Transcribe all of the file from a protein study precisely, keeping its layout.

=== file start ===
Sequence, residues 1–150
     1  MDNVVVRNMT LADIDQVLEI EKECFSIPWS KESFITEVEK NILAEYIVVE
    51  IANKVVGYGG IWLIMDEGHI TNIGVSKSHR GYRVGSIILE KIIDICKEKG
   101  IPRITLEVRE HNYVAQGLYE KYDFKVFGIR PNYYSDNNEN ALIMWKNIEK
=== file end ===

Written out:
Sequence, residues 1–150
     1  MDNVVVRNMT LADIDQVLEI EKECFSIPWS KESFITEVEK NILAEYIVVE
    51  IANKVVGYGG IWLIMDEGHI TNIGVSKSHR GYRVGSIILE KIIDICKEKG
   101  IPRITLEVRE HNYVAQGLYE KYDFKVFGIR PNYYSDNNEN ALIMWKNIEK